Romans 4 - Part 2
(originally published November 4, 2012)
Today we will be looking at V. 4-7,
"If you're a hard worker and do a good job, you deserve your pay; we don't call your wages a gift. But if you see that the job is too big for you, that it's something only God can do, and you trust him to do it—you could never do it for yourself no matter how hard and long you worked—well, that trusting-him-to-do-it is what gets you set right with God, by God. Sheer gift."
David confirms this way of looking at it, saying that the one who trusts God to do the putting-everything-right without insisting on having a say in it is one fortunate man:
Fortunate those whose crimes are carted off,
whose sins are wiped clean from the slate.
Fortunate the person against
whom the Lord does not keep score."
Growing up my dad taught us to work hard. It paid off because I had my first job at twelve years old! I believe in the value of hard work and I would assume many of you do as well. V. 4 is by no means saying that hard work is a bad thing. The idea behind this verse is that of trust.
Do you trust in works to set you right?
The problem enters when we do just that. We must realize that no matter how hard or how long we work, there is a point when work is not enough. We must acknowledge our own limitations as humans and rely on God.
Paul says there are three things that set us right with God:
Seeing that the job is too big for us.
Understanding that only God can do it.
Trusting God to work.
This is what sets you right with God. By God. Sheer Gift! A gift we cannot earn, but a gift we receive out of grace.
Do you find yourself getting caught up in the ability of your own hands rather than trusting God to do what He says He will do? This happens to be one of my greatest struggles in life. I'm a fixer. For the longest time (and even now if I'm not careful) I believed that if I just worked hard enough, or if I just gave enough, then I could fix any problem. What has been a very recent lesson for me is that I found by doing that, I wasn't fully trusting God with the situation. We have to be careful that we don't misplace our trust. Hard work is a very good thing, but every idol is a good thing we misplaced; we (I) must be careful that we don't take our trust out of the hands of God.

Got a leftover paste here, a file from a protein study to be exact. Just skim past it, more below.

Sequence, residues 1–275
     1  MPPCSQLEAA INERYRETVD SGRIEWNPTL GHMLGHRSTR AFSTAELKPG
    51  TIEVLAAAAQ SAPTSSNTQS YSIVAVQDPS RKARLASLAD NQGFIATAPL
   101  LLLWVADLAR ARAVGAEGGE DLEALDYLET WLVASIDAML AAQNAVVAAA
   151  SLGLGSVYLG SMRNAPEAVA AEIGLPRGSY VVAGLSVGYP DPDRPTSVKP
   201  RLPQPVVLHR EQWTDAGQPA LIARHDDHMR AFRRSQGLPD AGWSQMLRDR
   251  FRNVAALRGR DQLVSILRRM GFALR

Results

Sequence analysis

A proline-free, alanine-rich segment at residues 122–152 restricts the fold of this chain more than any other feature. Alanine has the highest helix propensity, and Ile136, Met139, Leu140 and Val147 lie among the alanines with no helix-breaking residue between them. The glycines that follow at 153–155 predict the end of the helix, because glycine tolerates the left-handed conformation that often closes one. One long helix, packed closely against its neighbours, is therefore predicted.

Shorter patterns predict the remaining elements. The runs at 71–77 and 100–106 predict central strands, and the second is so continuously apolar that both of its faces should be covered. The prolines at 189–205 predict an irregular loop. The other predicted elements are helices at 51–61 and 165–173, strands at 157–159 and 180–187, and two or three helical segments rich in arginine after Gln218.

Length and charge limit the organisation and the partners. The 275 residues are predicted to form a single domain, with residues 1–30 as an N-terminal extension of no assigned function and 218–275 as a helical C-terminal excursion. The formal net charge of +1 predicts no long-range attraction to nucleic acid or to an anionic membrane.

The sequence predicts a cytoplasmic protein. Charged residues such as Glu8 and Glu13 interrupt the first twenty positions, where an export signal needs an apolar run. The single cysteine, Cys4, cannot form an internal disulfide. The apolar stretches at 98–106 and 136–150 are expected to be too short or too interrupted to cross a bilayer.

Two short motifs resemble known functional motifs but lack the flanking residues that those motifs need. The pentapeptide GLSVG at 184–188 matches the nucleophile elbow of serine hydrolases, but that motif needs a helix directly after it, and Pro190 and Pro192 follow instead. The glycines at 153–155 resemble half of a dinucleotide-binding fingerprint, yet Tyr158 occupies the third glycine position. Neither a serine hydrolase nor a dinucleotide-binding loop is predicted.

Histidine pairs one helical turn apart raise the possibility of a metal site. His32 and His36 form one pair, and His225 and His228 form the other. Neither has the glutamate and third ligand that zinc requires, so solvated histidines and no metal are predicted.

Beginning in V. 6, Paul points to another well-known man of the Old Testament. He looks to King David to support this claim of faith.
David was indeed a man after God's heart, but he also is one known for his mistakes. Even so, in Psalm 32 (where v. 7 is originally found), David is found not guilty before heaven. Paul looks to a man who botched it up (as we all have) and points out his acceptance into heaven. He is pointing to this place of faith which leads to righteousness.
David was found righteous apart from his works because he acknowledged his guilt and cast himself in faith upon the mercy of God. So must we. How fortunate are we that God would wipe our slate clean from sins for no reason other than He chooses to. Because He loves us.
In a few days we will look more at works as we continue in v. 8. I would encourage you to take time for a careful examination of your life.
Do you find yourself getting caught up in the ability of your own hands rather than trusting God to do what He says He will do?
V. 4 says even if you do a good job...
Even IF, it's not enough. It's not a wage earned, but a gift given.